27th September 2021
Patent Risk In Context
Highlights of Patent Risk In Context Podcast
I started my career in IBM as an intern, and quickly moved from that through the company over a period of about 14 years, ending my career as the vice president of Life Sciences. And in that journey by serendipity, I ended up in intellectual property. When I was asked to become the manager of technology and intellectual property for IBM worldwide. And then I started a series of sort of entrepreneurial IP related ventures starting with think fire in 2001. And sort of ending with Allied Security Trust before I joined RPX.
What RPX does in the IP ecosystem
We have approximately 200 companies that are part of what we call our core membership. Most of the leading technology companies in the world, plus a number of automotive financial services. And even energy companies that are part of the of the RPX membership. We monitor emerging risks that involve patents. And once we identify them, we try and mitigate those risks by intercepting patents or obtaining rights to patents.
A positive force for negative right.
Patents are an unusual property. The ownership of a patent does not permit the owner to do anything except stop someone else from using the patented invention. And so by its very nature, it’s a negative and confrontational, right. Most people and companies who infringe intellectual property rights or patent rights, they’re completely unaware that they are infringing the right of someone else.
NPE and Patent Risk
RPX was born in 2008, around the NPE risk problem. And that’s a particularly difficult one, because even though NPE’s are not new phenomena. Historically, there was as much litigation, maybe more litigation per capita in America in the 1860s to 1880s, as there has been during the sort of peak of the modern NPE era. So patent owners, regardless of whether they’re operating companies, or non practicing entities are not a new phenomenon.
The only thing certain in the world where death, taxes and patent risk being a somewhat play on a quote by Benjamin Franklin. So patent risk has been around for a long time. NPE risk hasn’t been around forever, probably the 2000s were when it really got going. After all the legislative reform and case law that is beaten down on this activity by NPE’s, how has RPX continued to thrive.
Post the America Invents Act, there was a significant period of reflection, by the NPE community. If you took out for example, IP edge from the statistics that can file hundreds of lawsuits against specific defendants in a year. We remove the sort of outliers and look at the growth, I still expect that we’ll probably see growth of somewhere between 6 – 10% in 2021 in the US.The severity is a bit higher, because there’s so much due diligence that’s being done by the financial community before they invest in the litigation.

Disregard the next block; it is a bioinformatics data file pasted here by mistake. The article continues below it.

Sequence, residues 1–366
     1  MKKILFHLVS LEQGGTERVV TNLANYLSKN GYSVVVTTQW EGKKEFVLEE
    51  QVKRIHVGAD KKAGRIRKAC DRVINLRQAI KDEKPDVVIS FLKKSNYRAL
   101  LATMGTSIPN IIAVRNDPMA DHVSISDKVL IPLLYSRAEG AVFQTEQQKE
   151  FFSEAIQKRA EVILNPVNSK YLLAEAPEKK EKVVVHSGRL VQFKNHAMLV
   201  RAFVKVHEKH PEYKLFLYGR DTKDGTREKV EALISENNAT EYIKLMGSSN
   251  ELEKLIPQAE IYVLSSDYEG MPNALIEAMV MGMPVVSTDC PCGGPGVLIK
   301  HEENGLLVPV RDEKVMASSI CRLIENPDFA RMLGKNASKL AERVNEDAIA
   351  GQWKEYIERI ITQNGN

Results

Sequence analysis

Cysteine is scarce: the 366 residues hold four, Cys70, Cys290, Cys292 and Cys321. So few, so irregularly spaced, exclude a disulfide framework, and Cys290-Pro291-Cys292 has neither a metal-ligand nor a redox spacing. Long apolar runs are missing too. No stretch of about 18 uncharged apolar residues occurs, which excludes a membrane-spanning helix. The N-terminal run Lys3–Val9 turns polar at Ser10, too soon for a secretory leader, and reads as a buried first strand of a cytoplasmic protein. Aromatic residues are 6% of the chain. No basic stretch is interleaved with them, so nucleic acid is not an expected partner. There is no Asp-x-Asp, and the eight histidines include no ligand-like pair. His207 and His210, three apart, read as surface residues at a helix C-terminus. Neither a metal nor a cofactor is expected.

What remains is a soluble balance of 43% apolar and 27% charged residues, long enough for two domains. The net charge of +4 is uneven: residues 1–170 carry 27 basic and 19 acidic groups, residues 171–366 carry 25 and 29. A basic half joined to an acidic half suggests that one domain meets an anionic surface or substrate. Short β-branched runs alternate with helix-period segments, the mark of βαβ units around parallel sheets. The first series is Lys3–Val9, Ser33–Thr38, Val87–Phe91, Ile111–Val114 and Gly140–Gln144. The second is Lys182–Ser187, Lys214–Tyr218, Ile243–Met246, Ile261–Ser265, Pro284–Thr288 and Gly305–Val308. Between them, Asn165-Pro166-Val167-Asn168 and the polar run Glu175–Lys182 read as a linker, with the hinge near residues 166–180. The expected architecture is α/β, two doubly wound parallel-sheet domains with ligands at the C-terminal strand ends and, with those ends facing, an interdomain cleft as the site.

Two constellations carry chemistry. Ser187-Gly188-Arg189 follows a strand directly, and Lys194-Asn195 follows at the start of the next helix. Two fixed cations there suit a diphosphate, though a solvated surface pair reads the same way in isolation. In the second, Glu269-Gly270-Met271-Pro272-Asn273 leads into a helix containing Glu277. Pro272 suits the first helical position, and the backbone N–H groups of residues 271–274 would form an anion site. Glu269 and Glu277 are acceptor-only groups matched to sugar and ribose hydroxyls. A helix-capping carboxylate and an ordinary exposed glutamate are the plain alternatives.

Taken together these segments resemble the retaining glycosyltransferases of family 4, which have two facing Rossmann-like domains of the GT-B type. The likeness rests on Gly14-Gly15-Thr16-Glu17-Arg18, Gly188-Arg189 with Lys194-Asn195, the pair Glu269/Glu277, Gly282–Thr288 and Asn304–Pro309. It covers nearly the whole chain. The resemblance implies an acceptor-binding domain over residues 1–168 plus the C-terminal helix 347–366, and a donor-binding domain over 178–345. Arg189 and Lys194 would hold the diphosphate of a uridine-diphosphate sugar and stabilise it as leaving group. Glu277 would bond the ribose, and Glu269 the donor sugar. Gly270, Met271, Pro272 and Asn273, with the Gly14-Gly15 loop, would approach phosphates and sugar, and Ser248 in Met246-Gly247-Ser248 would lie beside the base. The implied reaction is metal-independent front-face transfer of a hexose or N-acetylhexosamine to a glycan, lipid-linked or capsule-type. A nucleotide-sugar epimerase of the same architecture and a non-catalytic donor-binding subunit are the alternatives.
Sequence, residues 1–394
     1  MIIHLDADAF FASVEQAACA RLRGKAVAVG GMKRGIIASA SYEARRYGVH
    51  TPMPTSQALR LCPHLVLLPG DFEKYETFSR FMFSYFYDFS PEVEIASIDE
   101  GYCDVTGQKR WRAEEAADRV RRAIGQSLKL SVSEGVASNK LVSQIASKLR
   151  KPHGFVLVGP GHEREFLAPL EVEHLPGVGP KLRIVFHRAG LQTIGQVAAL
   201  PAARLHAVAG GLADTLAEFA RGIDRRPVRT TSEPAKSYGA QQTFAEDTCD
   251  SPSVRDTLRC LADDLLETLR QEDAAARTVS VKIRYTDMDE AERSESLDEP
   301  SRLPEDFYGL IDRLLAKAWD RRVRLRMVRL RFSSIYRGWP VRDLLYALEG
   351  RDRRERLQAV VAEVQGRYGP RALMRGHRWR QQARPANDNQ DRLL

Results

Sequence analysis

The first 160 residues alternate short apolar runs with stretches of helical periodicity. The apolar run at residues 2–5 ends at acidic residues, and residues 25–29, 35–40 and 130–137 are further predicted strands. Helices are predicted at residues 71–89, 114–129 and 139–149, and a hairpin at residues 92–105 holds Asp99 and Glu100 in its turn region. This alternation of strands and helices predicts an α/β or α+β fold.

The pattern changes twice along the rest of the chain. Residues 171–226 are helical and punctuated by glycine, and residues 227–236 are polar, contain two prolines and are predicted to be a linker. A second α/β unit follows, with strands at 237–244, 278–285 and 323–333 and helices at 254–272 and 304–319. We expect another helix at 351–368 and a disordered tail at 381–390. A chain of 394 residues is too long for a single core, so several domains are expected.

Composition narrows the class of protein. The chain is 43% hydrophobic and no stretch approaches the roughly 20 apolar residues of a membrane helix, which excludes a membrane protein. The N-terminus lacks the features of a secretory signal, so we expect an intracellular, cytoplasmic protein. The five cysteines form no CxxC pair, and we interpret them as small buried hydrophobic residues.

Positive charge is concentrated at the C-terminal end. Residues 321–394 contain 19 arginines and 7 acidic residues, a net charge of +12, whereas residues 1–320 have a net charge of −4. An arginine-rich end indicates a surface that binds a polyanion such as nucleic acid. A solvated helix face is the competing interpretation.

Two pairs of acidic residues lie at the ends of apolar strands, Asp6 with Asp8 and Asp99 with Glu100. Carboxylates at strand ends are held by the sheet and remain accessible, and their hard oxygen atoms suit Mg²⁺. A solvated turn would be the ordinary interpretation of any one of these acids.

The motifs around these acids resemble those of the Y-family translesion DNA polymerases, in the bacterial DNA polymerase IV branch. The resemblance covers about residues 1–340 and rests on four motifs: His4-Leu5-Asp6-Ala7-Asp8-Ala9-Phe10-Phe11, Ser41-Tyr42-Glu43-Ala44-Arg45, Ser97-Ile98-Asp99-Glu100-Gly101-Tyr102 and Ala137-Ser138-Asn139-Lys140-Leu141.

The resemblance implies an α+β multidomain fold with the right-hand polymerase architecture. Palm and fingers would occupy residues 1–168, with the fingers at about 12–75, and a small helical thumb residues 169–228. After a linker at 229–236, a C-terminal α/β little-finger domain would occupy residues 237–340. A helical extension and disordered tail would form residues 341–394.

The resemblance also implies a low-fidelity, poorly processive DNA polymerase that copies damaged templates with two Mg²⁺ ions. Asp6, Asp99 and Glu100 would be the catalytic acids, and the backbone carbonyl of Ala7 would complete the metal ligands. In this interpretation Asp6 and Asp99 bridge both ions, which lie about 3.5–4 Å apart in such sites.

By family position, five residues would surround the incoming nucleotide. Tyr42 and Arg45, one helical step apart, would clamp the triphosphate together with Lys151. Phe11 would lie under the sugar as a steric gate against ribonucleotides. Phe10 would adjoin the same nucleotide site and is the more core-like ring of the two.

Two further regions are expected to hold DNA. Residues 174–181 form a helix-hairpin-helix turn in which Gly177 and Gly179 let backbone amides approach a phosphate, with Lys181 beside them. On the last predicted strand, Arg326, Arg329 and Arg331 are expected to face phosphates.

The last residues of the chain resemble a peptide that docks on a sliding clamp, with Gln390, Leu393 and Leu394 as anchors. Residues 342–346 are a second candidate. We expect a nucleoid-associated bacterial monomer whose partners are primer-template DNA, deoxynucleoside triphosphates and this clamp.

Change in NPE risk and patent risk
How do you see organisations managing that risk? What sort of risk mitigation strategies do you see them employing?
It’s not easy to generalise and certainly, across industries. The energy sector might face very different risks compared to medtech sector, semiconductor sector, than the automotive sector and so on. So it’s very difficult to generalise, I think the common theme should be that companies remain aware of where potential threats lie. And that’s largely an information and data related requirement. It’s obviously important to use excellent tools, we have some of our own, and others like Cipher. So one is awareness. The second is, is a mechanism to openly communicate, obviously, in a very pro competitive way, but to openly communicate with one another about what some of these risks and strategies are.
My suggestion would be to focus on the similarities and maybe not lean too heavily on the differences.The issues faced by a pharmaceutical company where one patent holds up a substantial portion of the profits is very different to a high tech company that where there are 1000s of patents in play.
What we are trying to learn from the risk survey, and from the interviews we’re doing is building on Suzanne Harrison’s work on IP strategy. The common framework could be developed to help companies categorise that risk. The results of the survey will be published in IAM.
Cipher Vision – Key Takeaway
We are in the middle of dispute after dispute, that seems to be never ending, we just really have a hard time stepping back to see the big picture. My prediction is there will not be any dramatic shifts with respect to at least patent related Policy. Many of the things that we have envisioned were going to heal the world from NPE’s or do great damage to patent implementers or somehow damage inevitably the rights of patent owners – almost none of those ever turn out to be true. The more things change, the more they stay the same.